Tuesday, March 31, 2015

Four Doors Down - AP Project 3

This is one of my favorite pieces I've done this semester. I love making photo transfers and painting over certain details so parts of the photo stand out. I was really pleased with how the doors turned out and I was able to make each door unique by using different shades of brown and grey for the wood. I knew they all looked different in the original photo so I thought I'd do something similar to make each one unique.

I had to be really careful to make sure I had a steady hand when painting the general shape of the doors as well as when I added details because I had to make it seem like you were looking at them from an angle. When I started on this project I was afraid I would ruin the picture altogether if I made even the tiniest mistake; since I was working with acrylic paints, whatever you put on the photo, you can't take off. I tried to add a bit of a shadow next to the first door to make it look more realistic but quickly realized I didn't like how it looked and when I attempted to wipe the paint off while it was still wet, most of it stayed on. I was a bit upset by this but I managed to get off enough of it that you don't notice the mistake very much.  Even though not everything went as planned, I'm still really excited with how the piece turned out and I was lucky enough to find a great frame to go with it.

Seeing Red - AP Project 2

A few weeks ago I set out to find different doors or gateways to use in my concentration, and found myself at my Dad's friends' farm. I found plenty of barn doors on the property, but one thing that surprisingly stood out to me was this gate. I love taking pictures of objects that catch my eye or capturing a setting and messing with the photo so a detail you might have originally overlooked stands out more. 

For this piece I, once again, used white charcoal on black paper, but added a twist: I made the originally grey gate bright red. I was afraid the gate would get drowned out because of all the different textures surrounding it, so I had to come up with a solution to make it hard to miss. I'm used to seeing people use monochromatic colors in their pieces, so I thought I'd take a step in a different direction and make everything but the gate black and white. I tried out pastel pencils for the first time and had trouble blending them out, but eventually got to a position where I was happy with the smooth texture.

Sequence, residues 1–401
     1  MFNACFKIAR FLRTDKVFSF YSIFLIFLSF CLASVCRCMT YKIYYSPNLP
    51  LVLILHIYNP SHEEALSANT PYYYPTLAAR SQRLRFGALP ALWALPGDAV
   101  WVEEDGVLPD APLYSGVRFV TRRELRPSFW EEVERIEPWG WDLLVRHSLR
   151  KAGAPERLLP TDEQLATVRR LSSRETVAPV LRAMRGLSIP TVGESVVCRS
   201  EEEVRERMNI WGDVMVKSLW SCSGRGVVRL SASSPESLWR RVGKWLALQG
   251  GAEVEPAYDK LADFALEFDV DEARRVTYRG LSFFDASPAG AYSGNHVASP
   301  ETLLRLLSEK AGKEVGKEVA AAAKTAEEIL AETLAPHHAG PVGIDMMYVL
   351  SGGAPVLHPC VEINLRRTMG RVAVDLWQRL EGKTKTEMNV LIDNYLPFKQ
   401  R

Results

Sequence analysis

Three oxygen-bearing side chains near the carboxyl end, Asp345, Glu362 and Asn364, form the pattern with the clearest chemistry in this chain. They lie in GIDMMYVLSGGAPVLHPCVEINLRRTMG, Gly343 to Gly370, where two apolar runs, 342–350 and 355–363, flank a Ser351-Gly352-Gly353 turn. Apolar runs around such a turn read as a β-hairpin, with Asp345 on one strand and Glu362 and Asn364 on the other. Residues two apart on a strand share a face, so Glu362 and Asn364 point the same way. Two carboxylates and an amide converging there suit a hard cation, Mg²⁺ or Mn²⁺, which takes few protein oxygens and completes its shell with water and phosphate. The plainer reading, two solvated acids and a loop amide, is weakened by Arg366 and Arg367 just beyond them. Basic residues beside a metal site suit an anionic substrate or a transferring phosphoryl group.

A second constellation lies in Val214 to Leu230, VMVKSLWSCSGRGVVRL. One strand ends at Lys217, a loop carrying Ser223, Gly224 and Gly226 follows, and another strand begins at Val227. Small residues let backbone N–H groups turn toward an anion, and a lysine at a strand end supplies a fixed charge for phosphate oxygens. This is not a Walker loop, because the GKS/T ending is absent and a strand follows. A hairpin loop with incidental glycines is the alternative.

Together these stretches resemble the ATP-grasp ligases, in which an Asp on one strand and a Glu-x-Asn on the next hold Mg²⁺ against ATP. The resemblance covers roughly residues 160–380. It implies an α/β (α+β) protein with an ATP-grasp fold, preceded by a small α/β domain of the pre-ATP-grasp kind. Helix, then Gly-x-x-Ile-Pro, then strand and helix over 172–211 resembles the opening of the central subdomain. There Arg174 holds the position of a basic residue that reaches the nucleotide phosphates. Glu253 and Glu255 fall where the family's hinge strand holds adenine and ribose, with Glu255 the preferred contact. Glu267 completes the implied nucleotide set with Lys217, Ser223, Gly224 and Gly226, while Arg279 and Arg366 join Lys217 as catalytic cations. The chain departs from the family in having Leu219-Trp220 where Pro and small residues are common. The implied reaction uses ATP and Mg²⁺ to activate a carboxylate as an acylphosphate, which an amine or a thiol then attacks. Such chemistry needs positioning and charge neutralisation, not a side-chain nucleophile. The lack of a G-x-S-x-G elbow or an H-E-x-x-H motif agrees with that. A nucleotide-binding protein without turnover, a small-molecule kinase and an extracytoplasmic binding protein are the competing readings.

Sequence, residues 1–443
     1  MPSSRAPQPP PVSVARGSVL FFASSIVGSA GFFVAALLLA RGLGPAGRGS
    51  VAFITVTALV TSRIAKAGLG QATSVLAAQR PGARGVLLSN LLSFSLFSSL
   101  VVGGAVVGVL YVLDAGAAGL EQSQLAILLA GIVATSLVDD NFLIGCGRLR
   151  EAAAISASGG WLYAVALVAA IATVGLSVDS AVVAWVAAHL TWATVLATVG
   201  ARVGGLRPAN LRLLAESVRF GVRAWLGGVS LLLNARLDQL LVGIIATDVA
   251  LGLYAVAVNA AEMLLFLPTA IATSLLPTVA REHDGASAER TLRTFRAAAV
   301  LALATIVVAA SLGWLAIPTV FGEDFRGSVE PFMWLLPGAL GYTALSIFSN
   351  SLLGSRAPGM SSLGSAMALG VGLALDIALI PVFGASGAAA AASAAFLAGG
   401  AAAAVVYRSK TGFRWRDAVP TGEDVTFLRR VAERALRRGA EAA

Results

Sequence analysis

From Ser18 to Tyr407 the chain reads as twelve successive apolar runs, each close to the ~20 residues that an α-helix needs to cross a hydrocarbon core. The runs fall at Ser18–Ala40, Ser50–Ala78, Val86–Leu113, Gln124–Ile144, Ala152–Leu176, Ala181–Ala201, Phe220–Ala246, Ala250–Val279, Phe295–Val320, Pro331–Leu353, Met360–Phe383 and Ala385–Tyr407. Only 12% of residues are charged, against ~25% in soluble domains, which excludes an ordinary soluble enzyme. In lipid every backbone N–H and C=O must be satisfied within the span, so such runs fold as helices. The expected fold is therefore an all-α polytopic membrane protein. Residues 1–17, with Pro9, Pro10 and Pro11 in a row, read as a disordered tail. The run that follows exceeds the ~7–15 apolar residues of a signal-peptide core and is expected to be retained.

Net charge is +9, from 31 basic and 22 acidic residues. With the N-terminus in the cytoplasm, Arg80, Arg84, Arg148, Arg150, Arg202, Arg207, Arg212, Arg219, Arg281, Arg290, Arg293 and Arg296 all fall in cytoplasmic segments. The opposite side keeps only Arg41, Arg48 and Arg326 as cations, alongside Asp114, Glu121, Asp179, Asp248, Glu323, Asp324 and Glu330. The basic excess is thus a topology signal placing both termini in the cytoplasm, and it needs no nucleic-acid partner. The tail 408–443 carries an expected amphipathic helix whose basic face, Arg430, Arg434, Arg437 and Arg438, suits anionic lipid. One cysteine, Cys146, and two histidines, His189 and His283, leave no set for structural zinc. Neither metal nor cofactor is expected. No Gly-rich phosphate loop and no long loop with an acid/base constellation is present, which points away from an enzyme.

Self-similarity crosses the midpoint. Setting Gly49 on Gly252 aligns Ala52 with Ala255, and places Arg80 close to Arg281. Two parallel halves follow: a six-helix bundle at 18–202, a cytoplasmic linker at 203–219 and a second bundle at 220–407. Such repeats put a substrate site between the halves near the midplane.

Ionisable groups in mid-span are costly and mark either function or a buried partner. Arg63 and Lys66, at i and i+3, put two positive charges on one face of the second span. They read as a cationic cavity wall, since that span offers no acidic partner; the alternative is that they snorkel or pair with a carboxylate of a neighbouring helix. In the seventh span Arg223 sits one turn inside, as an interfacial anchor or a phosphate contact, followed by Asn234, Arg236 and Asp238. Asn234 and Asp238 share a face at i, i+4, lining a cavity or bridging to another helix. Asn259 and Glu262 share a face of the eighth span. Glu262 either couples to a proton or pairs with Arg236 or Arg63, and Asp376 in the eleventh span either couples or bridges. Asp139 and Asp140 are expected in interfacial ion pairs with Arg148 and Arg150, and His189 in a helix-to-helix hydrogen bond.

Unparalleled - AP Project 1

I love the idea of painting, but when it comes to making exact lines with oil paint I would rather avoid the activity altogether.  I'm a perfectionist so when I have to make clean lines in pieces like this one, I take a lot of time to complete even the littles bits of a picture.  I decided to challenge myself however and used oil paints because they are easy to manipulate when it comes to making textures and I needed to be able to do so since I was painting things like grass and wooden planks. I added my own twist to the photo and included purple details in the wood and on the chimney.  I think it complimented the piece well and made it a bit more eye catching and quirky. 

The downside of using oils is they take much longer to dry so it was difficult to make sure the colors didn't blend together and become muddy when I needed to make clean lines. It took a lot of patience to make this piece because it was so easy to make mistakes while using this medium, and I had to paint and repaint in many areas because I would accidentally smear the paint in certain areas because I wouldn't realize it was still wet. As time went on however, I slowly got better about avoiding resting my arm against the canvas while working. There were many moments when I just wanted to give up and move on to a new project because this one would frustrate me so much, but I knew I wouldn't let myself live it down if I didn't finish it.  Even if it was a pain in the butt to work on I'm glad I chose this medium because I learned a lot of new techniques and definitely gained skill with shadowing and creating good textures.